“What are you doing!? Turn that thing off!!” An old man (most likely in his seventies) suddenly yelled at me in the train, pointing violently toward my cellphone. I was on the phone with a friend as I walked in through the train doors, located next to the courtesy seating area. Offended, and somewhat confused, I reluctantly closed my phone. What the hell was his problem? I could see a hint of fear behind his angry eyes, but I didn’t understand how it related to the “Cellphones Off” signs posted all over the windows and handles surrounding the priority seats. Of course I had seen the signs but, seeing no logical reason for turning my cellphone off, I ignored them.
The man’s reaction still confused me. At the time, I was still in middle school and had never noticed the courtesy signs. My experience in the train alerted me to cellphone usage wherever I went, for fear that another old man would yell at me for being loud again. I came to notice people talking loudly on their cellphones on buses, my friends rudely texting mid-conversation, and cellphones ringing during class because they weren’t on vibrate mode. I even began to recognize the same habits in myself. Society seemed to have forgotten simple manners and consideration for others.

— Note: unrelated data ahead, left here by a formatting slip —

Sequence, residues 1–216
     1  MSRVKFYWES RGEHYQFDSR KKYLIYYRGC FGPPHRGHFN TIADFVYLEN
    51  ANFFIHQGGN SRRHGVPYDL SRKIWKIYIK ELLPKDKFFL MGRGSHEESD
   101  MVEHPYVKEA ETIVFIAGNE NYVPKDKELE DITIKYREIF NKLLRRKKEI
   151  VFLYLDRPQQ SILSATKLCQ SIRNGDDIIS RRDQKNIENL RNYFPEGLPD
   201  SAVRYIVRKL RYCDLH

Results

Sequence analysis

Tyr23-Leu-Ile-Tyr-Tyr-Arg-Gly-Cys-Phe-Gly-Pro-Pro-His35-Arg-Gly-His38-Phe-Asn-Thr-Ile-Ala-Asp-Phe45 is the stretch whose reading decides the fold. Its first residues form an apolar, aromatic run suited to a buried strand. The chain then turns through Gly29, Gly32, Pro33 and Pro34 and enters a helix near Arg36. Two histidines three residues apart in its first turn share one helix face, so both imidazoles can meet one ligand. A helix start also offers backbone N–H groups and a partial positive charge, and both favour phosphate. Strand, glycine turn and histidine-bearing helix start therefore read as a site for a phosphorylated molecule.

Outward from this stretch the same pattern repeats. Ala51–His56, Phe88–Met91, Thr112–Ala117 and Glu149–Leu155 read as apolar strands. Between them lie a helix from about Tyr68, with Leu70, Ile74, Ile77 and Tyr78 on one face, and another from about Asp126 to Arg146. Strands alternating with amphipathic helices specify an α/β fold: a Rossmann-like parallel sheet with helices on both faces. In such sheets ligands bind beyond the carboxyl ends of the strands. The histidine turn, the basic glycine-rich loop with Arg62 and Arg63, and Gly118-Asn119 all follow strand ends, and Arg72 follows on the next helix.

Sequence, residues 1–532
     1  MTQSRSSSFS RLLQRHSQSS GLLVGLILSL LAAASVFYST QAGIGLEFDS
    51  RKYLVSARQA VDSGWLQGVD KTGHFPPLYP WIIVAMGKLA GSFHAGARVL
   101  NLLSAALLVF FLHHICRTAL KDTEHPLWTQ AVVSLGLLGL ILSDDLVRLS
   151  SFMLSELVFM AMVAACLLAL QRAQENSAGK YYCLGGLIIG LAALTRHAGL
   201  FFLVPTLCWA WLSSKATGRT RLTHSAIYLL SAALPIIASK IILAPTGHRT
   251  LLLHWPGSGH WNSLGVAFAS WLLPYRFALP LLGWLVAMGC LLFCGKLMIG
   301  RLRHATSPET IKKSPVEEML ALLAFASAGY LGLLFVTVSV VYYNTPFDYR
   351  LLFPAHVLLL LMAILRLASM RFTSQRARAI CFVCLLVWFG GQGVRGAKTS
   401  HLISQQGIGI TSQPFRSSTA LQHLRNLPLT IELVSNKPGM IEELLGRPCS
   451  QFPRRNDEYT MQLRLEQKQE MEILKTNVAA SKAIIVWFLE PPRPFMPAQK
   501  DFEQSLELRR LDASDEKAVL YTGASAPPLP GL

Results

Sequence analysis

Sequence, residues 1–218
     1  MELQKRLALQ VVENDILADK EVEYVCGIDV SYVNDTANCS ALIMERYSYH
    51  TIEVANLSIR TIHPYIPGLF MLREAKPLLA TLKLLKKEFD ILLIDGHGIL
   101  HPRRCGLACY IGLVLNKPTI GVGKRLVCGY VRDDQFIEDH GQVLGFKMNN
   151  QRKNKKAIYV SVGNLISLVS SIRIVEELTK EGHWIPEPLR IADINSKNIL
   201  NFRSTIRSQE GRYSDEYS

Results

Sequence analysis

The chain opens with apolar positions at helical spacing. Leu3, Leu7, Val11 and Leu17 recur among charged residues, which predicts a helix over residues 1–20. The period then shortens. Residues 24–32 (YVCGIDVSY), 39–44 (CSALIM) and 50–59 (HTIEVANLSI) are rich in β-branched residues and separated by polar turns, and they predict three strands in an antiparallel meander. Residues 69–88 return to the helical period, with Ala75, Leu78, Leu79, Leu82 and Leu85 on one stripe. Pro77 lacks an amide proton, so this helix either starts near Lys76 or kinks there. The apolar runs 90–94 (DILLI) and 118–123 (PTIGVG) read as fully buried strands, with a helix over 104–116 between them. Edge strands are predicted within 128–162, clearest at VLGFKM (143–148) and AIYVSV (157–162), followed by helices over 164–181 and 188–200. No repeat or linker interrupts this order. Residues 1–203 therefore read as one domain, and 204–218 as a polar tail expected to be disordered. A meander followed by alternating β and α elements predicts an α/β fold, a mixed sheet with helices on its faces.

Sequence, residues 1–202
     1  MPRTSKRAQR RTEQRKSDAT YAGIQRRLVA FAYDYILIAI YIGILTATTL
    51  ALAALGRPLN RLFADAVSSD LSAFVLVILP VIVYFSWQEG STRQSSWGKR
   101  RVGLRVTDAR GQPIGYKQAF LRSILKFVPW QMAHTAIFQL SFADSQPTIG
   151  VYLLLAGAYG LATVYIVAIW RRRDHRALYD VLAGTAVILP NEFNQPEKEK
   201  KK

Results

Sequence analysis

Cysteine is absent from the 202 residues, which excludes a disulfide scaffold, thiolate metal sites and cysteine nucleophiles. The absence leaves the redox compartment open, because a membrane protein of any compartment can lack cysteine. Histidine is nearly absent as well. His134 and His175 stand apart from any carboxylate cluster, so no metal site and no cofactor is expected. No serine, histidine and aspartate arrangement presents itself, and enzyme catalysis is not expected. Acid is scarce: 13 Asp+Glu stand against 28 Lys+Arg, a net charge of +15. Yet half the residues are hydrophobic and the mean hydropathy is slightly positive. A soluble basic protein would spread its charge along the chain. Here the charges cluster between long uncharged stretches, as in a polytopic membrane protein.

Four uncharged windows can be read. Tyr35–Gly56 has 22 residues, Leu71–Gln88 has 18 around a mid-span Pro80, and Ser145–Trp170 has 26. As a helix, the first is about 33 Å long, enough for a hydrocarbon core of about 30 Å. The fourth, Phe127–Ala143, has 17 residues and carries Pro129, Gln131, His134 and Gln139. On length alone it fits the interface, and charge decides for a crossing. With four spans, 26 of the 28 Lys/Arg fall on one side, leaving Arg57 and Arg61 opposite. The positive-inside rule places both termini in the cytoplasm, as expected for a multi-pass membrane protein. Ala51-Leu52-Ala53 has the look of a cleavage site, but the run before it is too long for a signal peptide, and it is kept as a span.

However, when I related the experience to my mother, she disagreed on the cause behind the man’s outburst. Was it possible that he had a heart condition and therefore depended on a pacemaker? She explained that pacemakers were little machines implanted by your heart that send small electric pulses to help it contract. In addition, the electric signals from a cellphone alone could interfere with and even break it if exposed to long enough. No wonder the man had panicked; my phone had posed a serious risk to his life. It was the first time I had realized that something so commonplace in this modern age could affect the people around me so significantly.
Various pulse generating devices now exist that are less affected by external electric signals. The cellphones used today are also usually less than three watts and therefore do not cause as much interference with the signals. However, there have been instances where a pacemaker malfunctioned when exposed to external electric signals, resulting in injury to the health of its user. In recent years, health reports have revealed a case where the signals from the anti-theft machine of a jewelery store caused an error in a pacemaker, demonstrating the high risk pacemaker users face simply by walking into public. In order to protect their pacemaker...